US F/A-XX and F-X 6th Gen Aircraft News Thread


anzha

Junior Member
Registered Member
I trust you meant

"... Let's face it, if something moves fast through the air, disrupts molecules and puts out heat — I don't care how cool the engine can be, it's going to be detectable. You get my point."
That sounds like it. I remembered the first part, but not the last.
 

Brumby

Major
IRST has a much shorter range and limited field of view compared to a radar and detecting an IR signal doesn't necessarily mean you can track or engage it.
Range is still the biggest issue field of view is starting to shift. F35 for sure has a EODAS and Raptors And J20 have potential for them. These are IR spectrum sensors placed around the fuselage offering 360• IRST coverage via the helmets display.
AFAIK, technology with IRST is gaining very quickly. For example, the IRST onboard the F-18 reportedly have a detection range greater than its APG-79 radar. What that actually mean is open to all forms of interpretation. For example, the detection range against a 1m2 target is different to that of a 0.1 m2 target. I have seen data that suggest the APG-79 can detect a 1m2 target at 180 kms. Translated that would be about 100 kms for a 0.1 m2 target. The IRST is intended to deal with VLO targets like the J-20 and SU-57 because of possibly their lack of IR suppression features. However the current Block 2 IRST configuration cannot present sufficient data for a firing solution. Block 3 will address that with a 2 ship triangulation. It is why the USN is pushing for Block 3. The TTNT is to ensure nil latency and the DTP-N is the processing power needed for the algorithm triangulation.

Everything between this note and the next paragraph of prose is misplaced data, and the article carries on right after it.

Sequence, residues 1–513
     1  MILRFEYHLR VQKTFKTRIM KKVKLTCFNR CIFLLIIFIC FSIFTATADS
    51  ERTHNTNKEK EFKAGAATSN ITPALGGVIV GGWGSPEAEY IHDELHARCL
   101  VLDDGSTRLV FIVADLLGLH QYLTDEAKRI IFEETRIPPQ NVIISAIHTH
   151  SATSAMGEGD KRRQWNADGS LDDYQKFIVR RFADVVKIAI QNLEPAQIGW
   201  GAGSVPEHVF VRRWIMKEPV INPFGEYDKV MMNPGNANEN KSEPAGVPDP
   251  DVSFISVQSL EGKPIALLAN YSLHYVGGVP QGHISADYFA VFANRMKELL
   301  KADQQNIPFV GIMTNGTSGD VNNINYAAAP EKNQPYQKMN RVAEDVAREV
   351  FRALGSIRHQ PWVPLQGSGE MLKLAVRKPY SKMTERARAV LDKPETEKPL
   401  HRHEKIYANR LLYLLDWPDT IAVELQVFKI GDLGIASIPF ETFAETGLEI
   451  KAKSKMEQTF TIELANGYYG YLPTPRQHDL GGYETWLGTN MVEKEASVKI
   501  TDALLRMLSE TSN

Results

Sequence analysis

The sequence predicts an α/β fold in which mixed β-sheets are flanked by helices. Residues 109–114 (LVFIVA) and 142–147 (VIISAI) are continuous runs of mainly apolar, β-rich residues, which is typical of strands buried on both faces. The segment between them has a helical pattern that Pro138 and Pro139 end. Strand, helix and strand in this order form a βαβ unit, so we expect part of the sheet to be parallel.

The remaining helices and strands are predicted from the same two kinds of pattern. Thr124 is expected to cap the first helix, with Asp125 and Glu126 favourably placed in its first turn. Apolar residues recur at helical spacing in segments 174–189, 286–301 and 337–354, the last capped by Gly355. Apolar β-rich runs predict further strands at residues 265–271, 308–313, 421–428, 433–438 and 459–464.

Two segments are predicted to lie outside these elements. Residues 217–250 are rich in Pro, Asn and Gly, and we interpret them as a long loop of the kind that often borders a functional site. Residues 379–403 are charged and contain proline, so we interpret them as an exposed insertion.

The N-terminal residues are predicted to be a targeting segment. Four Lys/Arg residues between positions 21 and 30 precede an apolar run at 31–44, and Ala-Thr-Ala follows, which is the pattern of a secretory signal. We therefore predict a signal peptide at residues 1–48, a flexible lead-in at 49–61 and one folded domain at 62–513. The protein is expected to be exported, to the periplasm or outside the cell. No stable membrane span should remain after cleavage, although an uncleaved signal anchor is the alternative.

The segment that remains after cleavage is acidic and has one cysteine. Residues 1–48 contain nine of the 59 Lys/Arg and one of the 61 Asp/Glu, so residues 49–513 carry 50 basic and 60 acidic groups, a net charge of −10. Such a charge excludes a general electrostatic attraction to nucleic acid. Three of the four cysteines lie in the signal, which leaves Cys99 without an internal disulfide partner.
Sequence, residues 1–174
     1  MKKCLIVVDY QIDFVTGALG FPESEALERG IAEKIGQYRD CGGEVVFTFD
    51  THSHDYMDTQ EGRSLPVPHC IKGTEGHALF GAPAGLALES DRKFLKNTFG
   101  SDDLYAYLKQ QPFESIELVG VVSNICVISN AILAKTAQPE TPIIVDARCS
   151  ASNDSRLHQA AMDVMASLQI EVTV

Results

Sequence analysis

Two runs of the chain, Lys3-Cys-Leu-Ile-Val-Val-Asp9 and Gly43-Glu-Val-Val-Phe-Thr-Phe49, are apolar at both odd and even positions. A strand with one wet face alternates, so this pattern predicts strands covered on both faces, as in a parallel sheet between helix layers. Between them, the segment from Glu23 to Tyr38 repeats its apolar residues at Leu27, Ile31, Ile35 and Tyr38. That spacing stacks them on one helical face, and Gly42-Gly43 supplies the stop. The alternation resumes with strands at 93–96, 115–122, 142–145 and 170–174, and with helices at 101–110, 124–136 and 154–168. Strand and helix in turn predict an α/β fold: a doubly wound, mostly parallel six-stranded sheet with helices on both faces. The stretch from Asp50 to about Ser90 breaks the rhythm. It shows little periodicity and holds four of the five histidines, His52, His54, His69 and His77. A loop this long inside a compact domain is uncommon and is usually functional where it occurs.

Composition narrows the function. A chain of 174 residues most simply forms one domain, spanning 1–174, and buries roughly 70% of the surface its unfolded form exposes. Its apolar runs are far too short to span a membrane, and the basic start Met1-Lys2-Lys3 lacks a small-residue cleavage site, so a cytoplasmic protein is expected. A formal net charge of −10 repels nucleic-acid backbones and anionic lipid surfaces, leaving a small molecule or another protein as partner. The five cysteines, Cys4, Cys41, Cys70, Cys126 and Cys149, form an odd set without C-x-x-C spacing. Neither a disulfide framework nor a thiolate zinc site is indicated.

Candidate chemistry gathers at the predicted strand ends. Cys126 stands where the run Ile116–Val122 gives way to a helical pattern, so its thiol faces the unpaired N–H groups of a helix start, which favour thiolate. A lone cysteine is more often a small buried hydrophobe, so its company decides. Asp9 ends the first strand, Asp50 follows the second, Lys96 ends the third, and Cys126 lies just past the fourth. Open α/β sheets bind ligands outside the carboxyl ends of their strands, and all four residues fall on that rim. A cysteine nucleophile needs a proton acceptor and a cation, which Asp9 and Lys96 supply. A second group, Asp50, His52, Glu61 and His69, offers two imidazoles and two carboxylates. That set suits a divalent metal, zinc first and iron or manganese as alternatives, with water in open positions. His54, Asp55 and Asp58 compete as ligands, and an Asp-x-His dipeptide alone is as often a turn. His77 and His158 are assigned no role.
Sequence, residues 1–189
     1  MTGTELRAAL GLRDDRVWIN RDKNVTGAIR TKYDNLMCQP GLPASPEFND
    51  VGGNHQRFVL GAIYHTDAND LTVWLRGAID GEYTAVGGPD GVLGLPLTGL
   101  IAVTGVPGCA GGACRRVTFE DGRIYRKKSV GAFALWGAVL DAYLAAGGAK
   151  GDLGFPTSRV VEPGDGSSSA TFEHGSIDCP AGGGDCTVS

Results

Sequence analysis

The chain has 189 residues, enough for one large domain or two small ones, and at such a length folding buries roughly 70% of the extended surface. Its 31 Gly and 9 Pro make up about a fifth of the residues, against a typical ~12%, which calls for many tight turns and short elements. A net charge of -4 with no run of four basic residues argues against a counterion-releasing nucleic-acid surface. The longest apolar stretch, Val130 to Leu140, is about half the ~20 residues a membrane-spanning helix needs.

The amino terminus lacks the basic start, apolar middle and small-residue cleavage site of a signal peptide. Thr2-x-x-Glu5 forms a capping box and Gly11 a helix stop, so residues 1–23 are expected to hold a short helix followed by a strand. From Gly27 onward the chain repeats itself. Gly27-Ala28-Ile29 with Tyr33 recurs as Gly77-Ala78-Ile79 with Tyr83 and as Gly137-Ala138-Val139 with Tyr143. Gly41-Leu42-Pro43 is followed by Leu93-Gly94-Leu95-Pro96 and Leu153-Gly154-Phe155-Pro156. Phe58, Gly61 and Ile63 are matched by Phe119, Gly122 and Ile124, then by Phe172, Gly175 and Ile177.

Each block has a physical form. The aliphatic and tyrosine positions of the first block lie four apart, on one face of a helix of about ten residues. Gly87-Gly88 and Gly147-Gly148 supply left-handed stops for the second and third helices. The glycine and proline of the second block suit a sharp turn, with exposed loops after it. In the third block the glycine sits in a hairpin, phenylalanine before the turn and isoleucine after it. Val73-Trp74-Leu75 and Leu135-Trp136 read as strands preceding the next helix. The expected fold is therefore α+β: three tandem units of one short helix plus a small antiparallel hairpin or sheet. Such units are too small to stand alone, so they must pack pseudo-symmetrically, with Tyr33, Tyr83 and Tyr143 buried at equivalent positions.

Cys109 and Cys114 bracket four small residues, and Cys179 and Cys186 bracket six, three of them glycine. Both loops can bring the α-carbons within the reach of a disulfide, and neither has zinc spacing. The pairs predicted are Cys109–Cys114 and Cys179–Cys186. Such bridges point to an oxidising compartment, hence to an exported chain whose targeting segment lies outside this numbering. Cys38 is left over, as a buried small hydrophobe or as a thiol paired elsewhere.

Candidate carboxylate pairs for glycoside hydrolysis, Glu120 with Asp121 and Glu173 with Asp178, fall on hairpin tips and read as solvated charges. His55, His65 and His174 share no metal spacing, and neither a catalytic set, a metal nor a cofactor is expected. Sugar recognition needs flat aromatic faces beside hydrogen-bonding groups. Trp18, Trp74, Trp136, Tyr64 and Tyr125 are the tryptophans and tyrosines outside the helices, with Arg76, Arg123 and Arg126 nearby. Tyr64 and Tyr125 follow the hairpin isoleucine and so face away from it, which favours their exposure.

Brumby

Major
Analysts: Navy brass view F-35C's stealth as overrated
February 9, 2015
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This is an example of an article where the author is framing its title that is misleading in order to bait read. If you read the article, the CNO did not say the F-35C's stealth is overrated. It is the author who is making that jump. In other words, his maths is 1 plus 1 is anything but 2.

Having said that, the present and future fight in air conflict remains unchanged. It is the competition in technology between "finding" vs "hiding". In my view, as informed individuals our objective is to understand the underlying technologies and their emerging trend rather than what somebody said.

Years ago I read a USAF official stating that the next air dominance is about spectrum domination. I believe that description is valid and will remain so in the forseeable future. The obvious spectrum range in my view is IR and RF (or stealth). Since the above article has touched on IR, I think it would be appropriate to have a conversation concerning the natire of IR and IR suppression technologies.

IRSTS detection range is determined by a number of factors, including atmospheric attenuation, seeker sensitivity, sensor aperture size, target size, and the square of the difference in
target temperature and the temperature of the surrounding environment.57 The blue line in Figure 17 shows how aircraft leading-edge temperature increases with aircraft speed. Ambient
temperature between 37,000 and 80,000 feet of altitude on a standard day is -70° F. The leading edges of an aircraft flying at Mach 0.8 are heated by friction to -21° F. As aircraft speed